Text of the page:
Choosing the Right Component to Reduce Cycle Times

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SMAC Moving Coil Actuators is a leading manufacturer of precision programmable electric actuators based on moving coil technology. With its patented "Soft-Land" function, the company’s electric actuators perform at exceptionally high speeds or very low speeds with extremely accurate sensing of product location or dimensions—making them suitable for a wide range of high cycle positioning, measuring, inspection, and pick-and-place applications, particularly where 100% verification is required.

In an interview with SMT Magazine, SMAC president Edward Neff talks about the strategies they implement in their production lines to reduce cycle times and go to market faster. He also talks about how using proven components can help manufacturers ensure the uptime of their equipment and processes.

Stephen Las Marias: What are the biggest bottlenecks in your process that contribute to longer cycle times?

Edward Neff: Cycle time is the time required to perform a repetitive specific task. There are several factors that can slow cycle time. The fragility of the item being worked on can slow cycle time—for example, an electronic chip. The durability of the device doing the work is also a factor. For example, air cylinders are limited to 1,200 CPM. Both ball screw and air cylinders have cycle life in the 10–20M range. Linear motors are 10x that and are much faster.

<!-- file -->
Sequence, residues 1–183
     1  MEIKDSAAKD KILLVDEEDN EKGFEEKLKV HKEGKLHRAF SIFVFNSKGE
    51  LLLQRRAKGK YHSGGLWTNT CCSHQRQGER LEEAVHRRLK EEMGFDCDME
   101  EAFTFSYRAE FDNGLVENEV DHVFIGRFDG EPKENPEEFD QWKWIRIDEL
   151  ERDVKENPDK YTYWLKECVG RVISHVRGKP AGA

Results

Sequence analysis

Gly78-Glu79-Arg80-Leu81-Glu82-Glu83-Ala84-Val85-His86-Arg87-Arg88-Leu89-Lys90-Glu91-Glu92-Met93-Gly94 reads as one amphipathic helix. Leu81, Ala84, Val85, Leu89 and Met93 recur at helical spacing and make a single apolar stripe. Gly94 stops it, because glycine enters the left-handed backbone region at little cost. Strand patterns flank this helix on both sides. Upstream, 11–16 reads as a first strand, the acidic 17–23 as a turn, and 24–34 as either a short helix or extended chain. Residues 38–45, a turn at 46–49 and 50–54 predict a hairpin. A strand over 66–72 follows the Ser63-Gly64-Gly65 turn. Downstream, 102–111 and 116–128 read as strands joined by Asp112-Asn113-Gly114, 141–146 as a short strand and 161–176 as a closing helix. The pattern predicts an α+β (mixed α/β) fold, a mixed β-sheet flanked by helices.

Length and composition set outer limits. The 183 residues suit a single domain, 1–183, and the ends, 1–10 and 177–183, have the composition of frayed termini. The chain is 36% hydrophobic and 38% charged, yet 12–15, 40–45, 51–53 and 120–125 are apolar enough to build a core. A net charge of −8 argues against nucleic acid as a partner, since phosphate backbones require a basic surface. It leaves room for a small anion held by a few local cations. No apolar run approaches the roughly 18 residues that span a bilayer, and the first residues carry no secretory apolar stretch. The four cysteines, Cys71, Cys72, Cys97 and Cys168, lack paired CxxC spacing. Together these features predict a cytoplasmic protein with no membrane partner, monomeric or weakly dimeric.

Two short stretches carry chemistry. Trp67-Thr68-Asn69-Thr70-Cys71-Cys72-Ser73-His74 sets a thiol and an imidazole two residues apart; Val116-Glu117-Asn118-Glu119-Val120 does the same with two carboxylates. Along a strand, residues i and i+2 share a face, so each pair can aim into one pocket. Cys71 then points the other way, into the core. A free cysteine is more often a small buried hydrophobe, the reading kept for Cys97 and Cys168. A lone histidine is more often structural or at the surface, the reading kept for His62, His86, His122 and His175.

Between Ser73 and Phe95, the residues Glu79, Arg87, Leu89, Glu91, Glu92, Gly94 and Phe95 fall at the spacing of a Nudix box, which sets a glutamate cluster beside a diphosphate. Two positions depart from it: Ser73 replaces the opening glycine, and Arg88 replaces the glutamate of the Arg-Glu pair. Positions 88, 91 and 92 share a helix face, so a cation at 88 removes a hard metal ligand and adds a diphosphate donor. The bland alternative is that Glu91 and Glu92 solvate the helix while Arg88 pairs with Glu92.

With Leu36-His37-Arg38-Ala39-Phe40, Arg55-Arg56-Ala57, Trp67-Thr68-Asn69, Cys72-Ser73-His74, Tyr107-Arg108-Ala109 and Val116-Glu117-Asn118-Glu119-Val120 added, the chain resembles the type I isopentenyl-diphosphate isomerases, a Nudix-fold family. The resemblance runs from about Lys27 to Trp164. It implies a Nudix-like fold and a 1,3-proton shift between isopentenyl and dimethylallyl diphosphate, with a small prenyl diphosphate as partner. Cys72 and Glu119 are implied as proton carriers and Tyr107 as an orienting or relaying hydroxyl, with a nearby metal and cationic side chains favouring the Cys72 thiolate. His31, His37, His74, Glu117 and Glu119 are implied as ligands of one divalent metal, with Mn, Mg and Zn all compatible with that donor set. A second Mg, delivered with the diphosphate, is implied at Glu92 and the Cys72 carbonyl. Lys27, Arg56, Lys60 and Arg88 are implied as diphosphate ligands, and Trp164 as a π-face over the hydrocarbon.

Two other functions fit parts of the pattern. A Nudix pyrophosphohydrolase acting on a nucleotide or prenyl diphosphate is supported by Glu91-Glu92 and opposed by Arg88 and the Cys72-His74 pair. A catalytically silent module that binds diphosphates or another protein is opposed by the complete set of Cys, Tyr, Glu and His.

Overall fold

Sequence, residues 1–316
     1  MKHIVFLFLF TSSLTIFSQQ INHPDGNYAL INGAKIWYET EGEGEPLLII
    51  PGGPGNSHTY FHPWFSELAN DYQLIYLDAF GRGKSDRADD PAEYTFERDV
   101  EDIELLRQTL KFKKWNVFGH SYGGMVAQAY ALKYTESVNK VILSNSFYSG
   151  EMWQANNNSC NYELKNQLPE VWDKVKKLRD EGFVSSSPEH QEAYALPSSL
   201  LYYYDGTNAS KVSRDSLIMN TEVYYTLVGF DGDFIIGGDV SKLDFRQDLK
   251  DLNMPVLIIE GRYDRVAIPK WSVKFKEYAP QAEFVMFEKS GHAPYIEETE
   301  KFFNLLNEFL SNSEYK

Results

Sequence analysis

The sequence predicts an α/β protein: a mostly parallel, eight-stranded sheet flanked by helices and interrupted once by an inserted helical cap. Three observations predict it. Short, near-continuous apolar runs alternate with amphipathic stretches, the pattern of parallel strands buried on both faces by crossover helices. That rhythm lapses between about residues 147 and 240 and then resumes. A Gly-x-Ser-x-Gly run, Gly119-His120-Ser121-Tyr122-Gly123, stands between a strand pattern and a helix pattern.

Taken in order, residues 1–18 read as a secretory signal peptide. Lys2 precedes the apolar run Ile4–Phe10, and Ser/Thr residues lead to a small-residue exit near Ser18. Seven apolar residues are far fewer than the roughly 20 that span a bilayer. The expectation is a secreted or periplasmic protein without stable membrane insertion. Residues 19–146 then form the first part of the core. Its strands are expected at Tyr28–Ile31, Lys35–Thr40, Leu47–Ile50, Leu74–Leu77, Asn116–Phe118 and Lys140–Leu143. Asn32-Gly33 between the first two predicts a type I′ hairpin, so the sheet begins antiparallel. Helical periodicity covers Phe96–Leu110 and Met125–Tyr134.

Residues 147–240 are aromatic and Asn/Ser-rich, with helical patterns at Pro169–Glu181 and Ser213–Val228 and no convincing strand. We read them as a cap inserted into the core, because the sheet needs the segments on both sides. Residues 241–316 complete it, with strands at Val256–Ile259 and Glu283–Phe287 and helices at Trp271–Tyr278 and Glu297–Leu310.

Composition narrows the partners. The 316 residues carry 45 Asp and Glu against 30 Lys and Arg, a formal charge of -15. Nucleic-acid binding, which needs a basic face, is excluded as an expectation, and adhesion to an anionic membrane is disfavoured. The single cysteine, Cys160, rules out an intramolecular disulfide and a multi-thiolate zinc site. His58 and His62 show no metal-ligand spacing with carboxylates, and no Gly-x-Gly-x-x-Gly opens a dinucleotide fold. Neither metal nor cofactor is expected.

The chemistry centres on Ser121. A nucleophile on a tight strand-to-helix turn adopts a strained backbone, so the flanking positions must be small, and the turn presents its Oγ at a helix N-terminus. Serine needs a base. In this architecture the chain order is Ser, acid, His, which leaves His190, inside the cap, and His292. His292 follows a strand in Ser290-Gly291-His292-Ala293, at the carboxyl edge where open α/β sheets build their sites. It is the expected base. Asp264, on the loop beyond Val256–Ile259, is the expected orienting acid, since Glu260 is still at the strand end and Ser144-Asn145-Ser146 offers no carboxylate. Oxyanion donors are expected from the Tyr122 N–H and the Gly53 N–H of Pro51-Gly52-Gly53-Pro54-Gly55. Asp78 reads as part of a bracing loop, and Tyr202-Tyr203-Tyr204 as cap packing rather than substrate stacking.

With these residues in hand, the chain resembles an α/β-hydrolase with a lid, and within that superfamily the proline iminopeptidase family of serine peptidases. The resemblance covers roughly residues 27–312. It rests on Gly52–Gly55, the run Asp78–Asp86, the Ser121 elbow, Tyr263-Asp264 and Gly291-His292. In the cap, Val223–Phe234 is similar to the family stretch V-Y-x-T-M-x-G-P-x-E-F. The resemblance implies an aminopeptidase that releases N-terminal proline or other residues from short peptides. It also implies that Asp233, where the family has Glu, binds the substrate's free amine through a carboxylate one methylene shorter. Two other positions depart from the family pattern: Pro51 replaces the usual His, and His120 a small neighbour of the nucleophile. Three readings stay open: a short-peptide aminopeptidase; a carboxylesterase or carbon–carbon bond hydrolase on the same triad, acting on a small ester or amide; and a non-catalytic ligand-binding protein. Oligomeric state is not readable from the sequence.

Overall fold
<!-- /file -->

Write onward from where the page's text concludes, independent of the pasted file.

The repeatability of the device doing the work in position and time can also affect cycle time. A ±20ms time to reach a target means cycle time must increase. Other factors include the acceleration of the device doing the work, the mass of the object being worked on and the moving mass of the device doing the work.

Las Marias: How important is reducing cycle time, and how do you achieve this in your own processes?

Neff: Cycle time reduction is a key target along with quality. It helps reduce the cost of operation, and increase capacity. Longer cycle times mean more capital equipment needed, increased overhead, more factory space required, and higher energy costs.

Cycle time reduction at SMAC is accomplished in a few different ways. We simplify design—because reducing complexity reduces cycle time. We do five at a time or 10, not one or two. We increase our output and improve quality by using mechatronic devices. SMAC moving coil actuators are low moving mass/high acceleration/precision positioning servo devices that can do the work and confirm its success at the same time.

Las Marias: Please talk about best practices that will help assemblers/manufacturers reduce cycle times in their processes.

Neff: Some best practices include using closed loop servo devices that are repeatable and programmable; building in as much quality feedback as possible; and trying to use proven components—in-house solutions are often risky.

Las Marias: What about automation? How does automation help reduce cycle time in an assembly line?

Neff: Automation means processes are repeated exactly. It also means that a number of operations can be done simultaneously, such as feeding in parts, assembly and check, and sort and unload. New generation mechatronic automation, such as SMAC moving coil actuators, are also flexible, so on-the-fly adjustment or changeover is possible as well as coincident assembly and quality check.

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Editor's Note: This article originally appeared in the October 2015 issue of SMT Magazine.


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